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# Acceleration Due to Gravity

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Practice Acceleration Due to Gravity
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The Art of Falling

### The Art of Falling

Credit: The U.S. Army
Source: http://www.flickr.com/photos/soldiersmediacenter/2990718614/
License: CC BY-NC 3.0

After jumping out of a plane that is flying 10,000 ft above the surface of the Earth, this skydiver reached up to 120 mph before deploying their parachute. Within a matter of seconds the increased surface area allows the pair’s velocity to be slowed to a safe velocity for landing. By using Newton’s 2nd law, you can easily calculate what speed this pair landed at.

#### New You Can Use

• Since the early 1100s, people have been using parachutes to skydive. Even though they didn’t know it, they were using the most basic principles of physics. By using a parachute the effective surface area of the falling body is increased allowing for more air to be “caught”.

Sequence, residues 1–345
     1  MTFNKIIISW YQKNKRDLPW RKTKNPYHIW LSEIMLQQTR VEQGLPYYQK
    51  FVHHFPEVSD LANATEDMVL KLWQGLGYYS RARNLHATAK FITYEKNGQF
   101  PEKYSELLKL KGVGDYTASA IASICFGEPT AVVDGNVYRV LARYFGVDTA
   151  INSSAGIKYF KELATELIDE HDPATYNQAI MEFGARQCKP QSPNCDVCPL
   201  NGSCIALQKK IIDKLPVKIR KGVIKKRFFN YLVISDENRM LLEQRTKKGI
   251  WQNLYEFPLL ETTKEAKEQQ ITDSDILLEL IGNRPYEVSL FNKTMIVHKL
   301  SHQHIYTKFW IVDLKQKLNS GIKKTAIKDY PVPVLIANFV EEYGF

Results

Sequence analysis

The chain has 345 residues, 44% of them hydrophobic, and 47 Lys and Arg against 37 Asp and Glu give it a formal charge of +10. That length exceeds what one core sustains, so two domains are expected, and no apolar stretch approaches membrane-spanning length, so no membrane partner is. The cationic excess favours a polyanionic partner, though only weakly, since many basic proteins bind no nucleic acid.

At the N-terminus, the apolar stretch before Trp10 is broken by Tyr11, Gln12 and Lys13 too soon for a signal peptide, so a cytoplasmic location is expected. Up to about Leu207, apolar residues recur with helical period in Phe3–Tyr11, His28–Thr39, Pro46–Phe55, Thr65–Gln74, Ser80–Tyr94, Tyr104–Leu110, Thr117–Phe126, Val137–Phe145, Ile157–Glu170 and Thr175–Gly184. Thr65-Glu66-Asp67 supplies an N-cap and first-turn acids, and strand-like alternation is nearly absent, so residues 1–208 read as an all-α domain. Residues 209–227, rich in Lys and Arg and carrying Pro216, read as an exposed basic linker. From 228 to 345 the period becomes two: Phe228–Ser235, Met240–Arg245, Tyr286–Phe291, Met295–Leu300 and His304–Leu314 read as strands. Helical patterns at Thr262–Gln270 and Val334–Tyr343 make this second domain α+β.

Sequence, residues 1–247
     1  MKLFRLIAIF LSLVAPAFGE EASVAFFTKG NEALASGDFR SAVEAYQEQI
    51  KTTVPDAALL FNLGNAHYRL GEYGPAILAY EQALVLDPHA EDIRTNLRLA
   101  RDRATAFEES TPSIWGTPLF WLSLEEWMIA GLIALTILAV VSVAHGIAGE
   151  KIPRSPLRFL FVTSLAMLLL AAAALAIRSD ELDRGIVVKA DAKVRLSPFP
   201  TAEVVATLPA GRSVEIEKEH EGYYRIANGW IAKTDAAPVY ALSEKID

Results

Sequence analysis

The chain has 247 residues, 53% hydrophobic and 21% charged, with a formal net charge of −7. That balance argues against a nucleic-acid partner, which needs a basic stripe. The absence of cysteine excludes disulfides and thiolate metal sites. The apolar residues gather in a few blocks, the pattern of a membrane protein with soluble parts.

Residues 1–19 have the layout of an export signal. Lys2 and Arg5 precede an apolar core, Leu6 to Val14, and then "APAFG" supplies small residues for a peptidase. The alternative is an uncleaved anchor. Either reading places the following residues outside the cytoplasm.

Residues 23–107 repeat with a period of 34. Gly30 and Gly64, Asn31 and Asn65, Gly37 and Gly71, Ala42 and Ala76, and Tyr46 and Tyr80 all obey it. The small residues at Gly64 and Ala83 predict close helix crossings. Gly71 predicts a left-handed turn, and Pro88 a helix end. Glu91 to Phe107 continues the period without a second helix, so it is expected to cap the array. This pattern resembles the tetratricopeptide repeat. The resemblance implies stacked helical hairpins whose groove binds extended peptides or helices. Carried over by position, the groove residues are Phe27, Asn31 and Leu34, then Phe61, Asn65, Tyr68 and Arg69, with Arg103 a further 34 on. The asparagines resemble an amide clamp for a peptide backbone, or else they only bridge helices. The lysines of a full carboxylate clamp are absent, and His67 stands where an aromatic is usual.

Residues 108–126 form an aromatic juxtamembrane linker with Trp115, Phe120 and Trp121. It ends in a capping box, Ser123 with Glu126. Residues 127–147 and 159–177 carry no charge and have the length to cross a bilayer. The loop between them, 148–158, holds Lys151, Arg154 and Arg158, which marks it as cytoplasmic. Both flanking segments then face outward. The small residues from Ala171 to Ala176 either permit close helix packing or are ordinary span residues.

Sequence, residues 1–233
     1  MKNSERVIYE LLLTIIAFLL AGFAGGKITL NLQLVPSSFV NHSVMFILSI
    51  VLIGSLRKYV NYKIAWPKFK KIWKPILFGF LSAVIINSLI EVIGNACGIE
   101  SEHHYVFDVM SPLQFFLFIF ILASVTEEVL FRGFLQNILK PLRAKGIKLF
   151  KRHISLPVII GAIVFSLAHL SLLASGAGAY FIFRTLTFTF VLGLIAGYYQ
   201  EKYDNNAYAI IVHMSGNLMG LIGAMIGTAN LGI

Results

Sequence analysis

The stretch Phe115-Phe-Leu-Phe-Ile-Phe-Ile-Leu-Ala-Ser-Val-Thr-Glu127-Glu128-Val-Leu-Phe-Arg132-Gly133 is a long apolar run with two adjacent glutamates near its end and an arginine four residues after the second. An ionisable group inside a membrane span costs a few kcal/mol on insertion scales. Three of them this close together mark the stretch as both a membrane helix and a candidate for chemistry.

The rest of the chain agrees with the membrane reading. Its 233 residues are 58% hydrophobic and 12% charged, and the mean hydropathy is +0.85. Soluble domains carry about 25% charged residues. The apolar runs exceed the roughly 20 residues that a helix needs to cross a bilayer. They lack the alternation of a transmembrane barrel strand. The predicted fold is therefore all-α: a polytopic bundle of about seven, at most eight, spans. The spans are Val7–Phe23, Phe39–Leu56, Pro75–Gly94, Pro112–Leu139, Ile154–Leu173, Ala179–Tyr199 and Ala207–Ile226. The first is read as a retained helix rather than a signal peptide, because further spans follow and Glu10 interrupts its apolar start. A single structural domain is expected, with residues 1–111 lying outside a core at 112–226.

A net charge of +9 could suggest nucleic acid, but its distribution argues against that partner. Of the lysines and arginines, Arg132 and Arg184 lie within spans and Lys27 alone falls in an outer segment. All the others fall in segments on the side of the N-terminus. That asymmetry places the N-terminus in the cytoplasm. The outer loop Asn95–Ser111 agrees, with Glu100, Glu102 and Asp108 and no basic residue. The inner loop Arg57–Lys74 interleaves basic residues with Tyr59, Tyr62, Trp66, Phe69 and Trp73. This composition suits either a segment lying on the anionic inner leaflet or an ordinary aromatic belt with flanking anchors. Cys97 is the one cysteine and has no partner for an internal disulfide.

• Effectively designed parachutes will expose a skydiver to 3-4Gs of negative acceleration when the chute is deployed. This causes the skydiver’s velocity to go from 120 mph to roughly 18 mph in a matter of seconds. With the forces balanced, the skydiver will be able to safely land.

#### Show What You Know?

Using the information provided above, answer the following questions.

1. When the skydiver is falling at a constant velocity after the parachute is open, what is their acceleration?
2. Explain why it is not advised to use a parachute that is a big as possible, assuming you could safely deploy it?
3. At what point in the skydiving experience is the acceleration due to gravity equal to zero?

### Image Attributions

1. [1]^ Credit: The U.S. Army; Source: http://www.flickr.com/photos/soldiersmediacenter/2990718614/; License: CC BY-NC 3.0

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